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Methinks the Nation Doth Protest . . . How Much?David McMahon

Japan, the popular consensus goes, is a country in which congruence and harmony are valued above all else. For many years I accepted this wisdom at face value and assumed that this tendency lay behind the seeming absence from Japanese society of any sort of large-scale civil disobedience, the strikes and demonstrations that are a periodic occurrence elsewhere in the world. Gradually, though, I fo…

The Illusion of “Rising Nationalism”: Internationalism and Xenophobia in Today’s JapanKarube Tadashi

Both in Japan and overseas, journalists have been expressing concern about the rise of nationalism under Prime Minister Abe Shinzō. A political scientist questions the validity of these worries.

Abe’s Moves Toward Collective Self-Defense

On July 1, 2014, Prime Minister Abe Shinzō’s cabinet adopted a resolution to reinterpret the Constitution to allow Japan to exercise the right to collective self-defense. What does this reinterpretation entail, and what are the security ramifications?

Moves Toward Lowering Japan’s Corporate Taxes

Japan is set to lower its corporate tax rate in fiscal 2015 to improve the competitiveness of its companies and encourage inbound corporate investment. Prime Minister Abe Shinzō proposed new economic and fiscal policy measures, including tax revision, in June; the blueprint is to lower the effective rate, now 35.64% for companies based in Tokyo to under 30%.

A Nascent Democratic Axis for AsiaBrahma Chellaney

Narendra Modi, who recently became prime minister of India, is scheduled to visit Japan later this summer. Geostrategist Brahma Chellaney revisits the Indo-Japanese relationship and finds it thriving on both the economic and security fronts. What is the strategic outlook for these partners moving forward?

Timeline for May 2014

Prime Minister Abe Shinzō completes a six-nation tour of Europe, a manga series spurs debate over Fukushima, and Japan enjoys a day of sporting triumph. Review the major news stories of May 2014.

Japan One Step Closer to Collective Self-Defense?

On May 15, 2014, Prime Minister Abe Shinzō gave a press conference after receiving a report from the Advisory Panel on Reconstruction of the Legal Basis for Security, an advisory body to the prime minister. Regarding the use of the right of collective self-defense, in which the Self-Defense Forces would use arms to counter an attack on an ally, he said the government would study the proposal further with an eye to permitting it in a limited manner.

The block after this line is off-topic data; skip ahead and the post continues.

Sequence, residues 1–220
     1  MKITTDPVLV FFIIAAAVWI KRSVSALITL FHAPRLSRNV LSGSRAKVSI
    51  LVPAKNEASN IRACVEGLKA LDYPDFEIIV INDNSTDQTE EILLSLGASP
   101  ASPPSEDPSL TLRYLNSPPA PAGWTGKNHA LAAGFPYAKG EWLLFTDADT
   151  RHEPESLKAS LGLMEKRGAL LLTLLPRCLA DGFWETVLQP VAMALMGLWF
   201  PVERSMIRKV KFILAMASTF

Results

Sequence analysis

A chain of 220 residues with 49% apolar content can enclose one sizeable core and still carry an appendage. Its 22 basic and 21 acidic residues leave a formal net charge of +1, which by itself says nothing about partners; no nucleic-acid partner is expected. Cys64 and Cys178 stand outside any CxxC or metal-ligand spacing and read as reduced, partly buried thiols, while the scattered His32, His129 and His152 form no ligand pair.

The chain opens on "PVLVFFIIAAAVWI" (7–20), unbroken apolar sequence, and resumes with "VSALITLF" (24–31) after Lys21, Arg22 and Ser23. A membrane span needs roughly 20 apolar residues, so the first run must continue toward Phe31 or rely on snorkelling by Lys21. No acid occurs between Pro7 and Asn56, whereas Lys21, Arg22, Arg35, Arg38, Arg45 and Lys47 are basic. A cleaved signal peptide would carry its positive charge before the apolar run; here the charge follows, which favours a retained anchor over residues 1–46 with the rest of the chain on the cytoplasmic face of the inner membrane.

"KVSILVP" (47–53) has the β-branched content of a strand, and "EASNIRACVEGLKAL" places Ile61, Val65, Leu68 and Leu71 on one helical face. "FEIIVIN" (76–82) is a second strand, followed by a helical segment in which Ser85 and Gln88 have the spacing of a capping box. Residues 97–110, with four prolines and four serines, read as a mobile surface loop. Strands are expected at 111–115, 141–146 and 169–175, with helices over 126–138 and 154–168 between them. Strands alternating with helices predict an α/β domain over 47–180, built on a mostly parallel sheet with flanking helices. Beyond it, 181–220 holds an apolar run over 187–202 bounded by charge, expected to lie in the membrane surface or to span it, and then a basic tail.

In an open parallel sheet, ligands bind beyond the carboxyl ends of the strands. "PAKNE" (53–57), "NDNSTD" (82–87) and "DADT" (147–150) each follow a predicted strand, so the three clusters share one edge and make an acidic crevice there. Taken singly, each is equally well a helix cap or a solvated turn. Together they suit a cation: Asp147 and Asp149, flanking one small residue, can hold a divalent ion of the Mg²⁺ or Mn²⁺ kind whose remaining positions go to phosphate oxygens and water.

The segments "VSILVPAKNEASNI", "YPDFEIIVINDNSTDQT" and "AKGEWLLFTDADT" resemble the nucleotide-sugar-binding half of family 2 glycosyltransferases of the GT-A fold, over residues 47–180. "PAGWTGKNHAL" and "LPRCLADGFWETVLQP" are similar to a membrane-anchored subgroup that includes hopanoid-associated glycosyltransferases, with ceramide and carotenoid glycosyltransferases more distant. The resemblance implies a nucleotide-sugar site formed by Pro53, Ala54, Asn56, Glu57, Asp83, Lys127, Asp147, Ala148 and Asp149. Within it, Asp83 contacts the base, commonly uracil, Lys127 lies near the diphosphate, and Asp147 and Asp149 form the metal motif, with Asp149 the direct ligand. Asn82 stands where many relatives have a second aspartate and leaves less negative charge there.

The Pressures of Change: The Office of Prime Minister in the United Kingdom and JapanTakayasu Kensuke

Although Japan and the United Kingdom both use a parliamentary system, the position of the prime minister differs significantly. As the role of the Japanese prime minister becomes increasingly important, political scientist Takayasu Kensuke looks at the weaknesses of the present system through a comparison with the situation in the United Kingdom.

Nostalgia for the Pragmatic Conservatism of Tanaka KakueiHayano Tōru

Tanaka Kakuei is enjoying a resurgence in popularity, two decades following his death in 1993. The factors behind the revival are analyzed by J.F. Oberlin University Professor Hayano Tōru who covered the Shadow Shogun for 20 years as a political reporter.

The Japan-US Security Partnership: An Overview

In a region home to a China whose military and economic might is on the rise and an unpredictable North Korea, the US alliance with Japan is more significant than ever. President Obama’s visit this month shed light on a Japan-US alliance that has grown tighter and stronger in recent years.

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